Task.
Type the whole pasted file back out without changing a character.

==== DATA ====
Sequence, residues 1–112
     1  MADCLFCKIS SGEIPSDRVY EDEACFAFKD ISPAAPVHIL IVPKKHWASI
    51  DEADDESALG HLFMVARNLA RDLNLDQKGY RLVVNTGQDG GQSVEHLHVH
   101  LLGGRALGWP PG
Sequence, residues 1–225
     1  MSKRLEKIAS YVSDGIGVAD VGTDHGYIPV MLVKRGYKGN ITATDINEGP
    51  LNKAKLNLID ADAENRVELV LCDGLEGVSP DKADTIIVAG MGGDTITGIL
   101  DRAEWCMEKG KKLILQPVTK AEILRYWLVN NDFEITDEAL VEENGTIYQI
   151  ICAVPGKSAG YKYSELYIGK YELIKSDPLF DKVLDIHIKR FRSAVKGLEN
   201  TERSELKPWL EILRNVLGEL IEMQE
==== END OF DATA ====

Sequence, residues 1–112
     1  MADCLFCKIS SGEIPSDRVY EDEACFAFKD ISPAAPVHIL IVPKKHWASI
    51  DEADDESALG HLFMVARNLA RDLNLDQKGY RLVVNTGQDG GQSVEHLHVH
   101  LLGGRALGWP PG
Sequence, residues 1–225
     1  MSKRLEKIAS YVSDGIGVAD VGTDHGYIPV MLVKRGYKGN ITATDINEGP
    51  LNKAKLNLID ADAENRVELV LCDGLEGVSP DKADTIIVAG MGGDTITGIL
   101  DRAEWCMEKG KKLILQPVTK AEILRYWLVN NDFEITDEAL VEENGTIYQI
   151  ICAVPGKSAG YKYSELYIGK YELIKSDPLF DKVLDIHIKR FRSAVKGLEN
   201  TERSELKPWL EILRNVLGEL IEMQE